• A power plant simulator , in which the operating teams of nuclear power plants in particular train the control of incidents up to and including a meltdown (too dangerous in reality).
    • Crash test (too dangerous or too complex in reality).
    • Simulation of production systems before a conversion (multiple conversion of the system in reality would be too time-consuming and expensive).
    • Simulators in medical training (training on patients is not ethical in some areas).
  • The real system does not (yet) exist. Example: Wind tunnel experiment with aircraft models before the aircraft is manufactured
  • The real system cannot be observed directly.
    • Due to the system. Example: Simulation of individual molecules in a liquid , astrophysical processes.
    • The real system works too fast. Example: simulation of circuits .
    • The real system is working too slowly. Example: simulation of geological processes.
  • The real system is not understood or very complex. Example: Big Bang .
  • The real system is understood in its elementary dynamics, but the development over time is too complex, or an exact solution of the equation of motion is not (yet) possible. Examples: three-body problem , double pendulum , molecular dynamics , generally non-linear systems .
  • Simulation models can be modified much more easily than the real system. Example: biosimulation .
  • Simulations are reproducible.

Areas of application

Different simulation types can be distinguished from the application point of view:

  1. Technical simulations, for example for strength calculations (FEM) , flow simulation, of factory processes and complex logistic systems , for virtual commissioning or circuit simulation
  2. Scientific computing , with applications in physics , chemistry , biology , meteorology
  3. Simulations for education and training, for example business simulation games or medical simulations
  4. Game simulations , for example flight simulations , racing simulations , economic simulations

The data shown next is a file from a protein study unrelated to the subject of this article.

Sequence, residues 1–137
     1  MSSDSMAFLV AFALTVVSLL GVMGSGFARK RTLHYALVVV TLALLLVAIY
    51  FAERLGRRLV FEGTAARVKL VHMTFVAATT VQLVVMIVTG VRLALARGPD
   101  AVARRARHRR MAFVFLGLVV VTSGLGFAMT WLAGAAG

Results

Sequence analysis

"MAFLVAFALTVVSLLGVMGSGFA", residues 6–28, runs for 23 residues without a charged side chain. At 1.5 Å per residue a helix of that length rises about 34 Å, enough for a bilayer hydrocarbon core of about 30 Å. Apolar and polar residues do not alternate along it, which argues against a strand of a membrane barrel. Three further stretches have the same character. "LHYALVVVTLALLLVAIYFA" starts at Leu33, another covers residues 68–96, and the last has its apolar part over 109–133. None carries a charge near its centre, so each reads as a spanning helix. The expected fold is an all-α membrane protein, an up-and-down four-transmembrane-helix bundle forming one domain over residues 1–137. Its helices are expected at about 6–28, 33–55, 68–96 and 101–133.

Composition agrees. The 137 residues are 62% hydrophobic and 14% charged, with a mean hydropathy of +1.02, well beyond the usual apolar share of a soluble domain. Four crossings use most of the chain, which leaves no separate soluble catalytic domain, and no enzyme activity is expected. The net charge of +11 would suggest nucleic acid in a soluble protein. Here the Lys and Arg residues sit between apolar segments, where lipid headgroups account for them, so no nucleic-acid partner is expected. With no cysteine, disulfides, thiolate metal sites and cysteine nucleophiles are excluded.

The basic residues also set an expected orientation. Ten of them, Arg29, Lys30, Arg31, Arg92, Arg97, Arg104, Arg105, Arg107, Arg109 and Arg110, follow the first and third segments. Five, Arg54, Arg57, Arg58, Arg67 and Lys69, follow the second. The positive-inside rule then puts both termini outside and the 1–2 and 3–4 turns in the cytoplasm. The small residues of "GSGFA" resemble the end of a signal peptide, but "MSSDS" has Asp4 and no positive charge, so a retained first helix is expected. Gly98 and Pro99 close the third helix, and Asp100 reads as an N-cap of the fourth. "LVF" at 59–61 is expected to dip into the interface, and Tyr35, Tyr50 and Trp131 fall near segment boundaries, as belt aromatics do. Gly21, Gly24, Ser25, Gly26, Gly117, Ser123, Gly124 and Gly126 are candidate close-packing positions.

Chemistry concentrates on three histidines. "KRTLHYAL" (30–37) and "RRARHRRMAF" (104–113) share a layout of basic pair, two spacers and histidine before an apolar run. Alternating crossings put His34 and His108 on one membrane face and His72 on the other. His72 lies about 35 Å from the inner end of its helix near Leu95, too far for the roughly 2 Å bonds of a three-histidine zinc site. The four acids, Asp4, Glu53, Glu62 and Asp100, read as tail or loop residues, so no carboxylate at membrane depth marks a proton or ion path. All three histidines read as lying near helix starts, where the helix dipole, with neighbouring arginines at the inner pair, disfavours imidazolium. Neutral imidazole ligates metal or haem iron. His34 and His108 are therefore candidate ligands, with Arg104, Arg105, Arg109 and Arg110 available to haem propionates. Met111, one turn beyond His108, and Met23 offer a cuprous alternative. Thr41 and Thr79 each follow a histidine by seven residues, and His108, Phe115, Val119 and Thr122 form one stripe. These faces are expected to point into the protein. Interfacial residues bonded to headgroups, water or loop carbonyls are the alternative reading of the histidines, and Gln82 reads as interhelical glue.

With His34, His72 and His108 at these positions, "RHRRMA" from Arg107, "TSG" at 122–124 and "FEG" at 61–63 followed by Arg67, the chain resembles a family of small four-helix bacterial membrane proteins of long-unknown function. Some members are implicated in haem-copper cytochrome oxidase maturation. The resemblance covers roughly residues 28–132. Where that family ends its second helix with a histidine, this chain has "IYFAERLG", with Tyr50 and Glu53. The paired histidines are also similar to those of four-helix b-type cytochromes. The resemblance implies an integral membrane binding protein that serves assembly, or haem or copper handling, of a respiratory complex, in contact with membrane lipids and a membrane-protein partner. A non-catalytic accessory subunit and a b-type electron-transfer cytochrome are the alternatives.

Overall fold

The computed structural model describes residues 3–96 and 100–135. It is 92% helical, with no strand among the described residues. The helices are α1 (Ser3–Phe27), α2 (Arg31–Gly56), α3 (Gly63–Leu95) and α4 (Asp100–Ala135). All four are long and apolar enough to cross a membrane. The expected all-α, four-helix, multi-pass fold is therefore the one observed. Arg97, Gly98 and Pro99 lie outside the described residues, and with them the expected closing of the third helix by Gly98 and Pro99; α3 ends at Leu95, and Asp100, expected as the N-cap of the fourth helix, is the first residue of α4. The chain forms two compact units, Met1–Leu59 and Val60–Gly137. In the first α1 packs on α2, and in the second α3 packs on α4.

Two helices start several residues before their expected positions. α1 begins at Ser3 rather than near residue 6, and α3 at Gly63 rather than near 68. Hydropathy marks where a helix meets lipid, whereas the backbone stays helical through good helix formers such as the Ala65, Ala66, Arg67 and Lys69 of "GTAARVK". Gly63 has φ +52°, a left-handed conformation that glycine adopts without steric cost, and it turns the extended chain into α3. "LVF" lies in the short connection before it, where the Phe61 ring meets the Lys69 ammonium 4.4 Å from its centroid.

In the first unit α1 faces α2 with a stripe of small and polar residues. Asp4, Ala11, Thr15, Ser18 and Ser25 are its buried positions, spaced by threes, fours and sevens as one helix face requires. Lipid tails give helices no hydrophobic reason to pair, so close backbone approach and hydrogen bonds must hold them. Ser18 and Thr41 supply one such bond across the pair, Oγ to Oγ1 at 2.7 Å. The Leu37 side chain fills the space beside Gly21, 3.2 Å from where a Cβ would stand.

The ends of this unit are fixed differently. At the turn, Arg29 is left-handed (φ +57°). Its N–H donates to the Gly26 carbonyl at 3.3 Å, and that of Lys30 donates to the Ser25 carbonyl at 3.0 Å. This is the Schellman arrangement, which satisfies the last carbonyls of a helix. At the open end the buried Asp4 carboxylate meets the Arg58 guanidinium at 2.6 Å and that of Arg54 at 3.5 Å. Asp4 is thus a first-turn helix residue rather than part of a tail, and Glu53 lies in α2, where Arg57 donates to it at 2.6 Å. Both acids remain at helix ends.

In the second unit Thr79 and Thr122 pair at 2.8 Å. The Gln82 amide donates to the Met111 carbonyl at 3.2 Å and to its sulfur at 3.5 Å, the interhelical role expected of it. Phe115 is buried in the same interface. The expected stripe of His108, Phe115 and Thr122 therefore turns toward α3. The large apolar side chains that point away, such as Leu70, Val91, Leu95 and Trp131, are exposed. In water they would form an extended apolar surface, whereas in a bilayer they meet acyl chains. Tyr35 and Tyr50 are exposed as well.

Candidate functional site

There are also limits to any form of simulation that must always be observed. The first limit follows from the limited nature of the means, that is, the finiteness of energy (for example also computing capacity), time and not least money. A simulation must therefore also make sense from an economic point of view. Because of these limitations, a model must be as simple as possible. This in turn means that the models used often represent a gross simplification of reality . These simplifications naturally also affect the accuracy of the simulation results.

The second limit follows from this: A model only delivers results in a certain context that can be transferred to reality. In other parameter areas the results can simply be wrong. Therefore, the validation of the models for the respective application is an important part of the simulation technology. Other possible limits are inaccuracies in the output data (e.g. measurement errors) and subjective obstacles (e.g. insufficient flow of information about production errors).

See also


  • FE Cellier: Continuous System Modeling. Springer, New York 1991 ISBN 0-387-97502-0
  • RM Fujimoto: Parallel and Distributed Simulation Systems. Wiley-Interscience, New York 1999, ISBN 0-471-18383-0
  • BP Zeigler, H. Praehofer, TG Kim: Theory of Modeling and Simulation. 2nd edition. Academic Press, San Diego 2000, ISBN 0-12-778455-1

Web links

Commons : Simulation  - collection of images, videos and audio files
Wiktionary: Simulation  - explanations of meanings, word origins, synonyms, translations
Wiktionary: Simulator  - explanations of meanings, word origins, synonyms, translations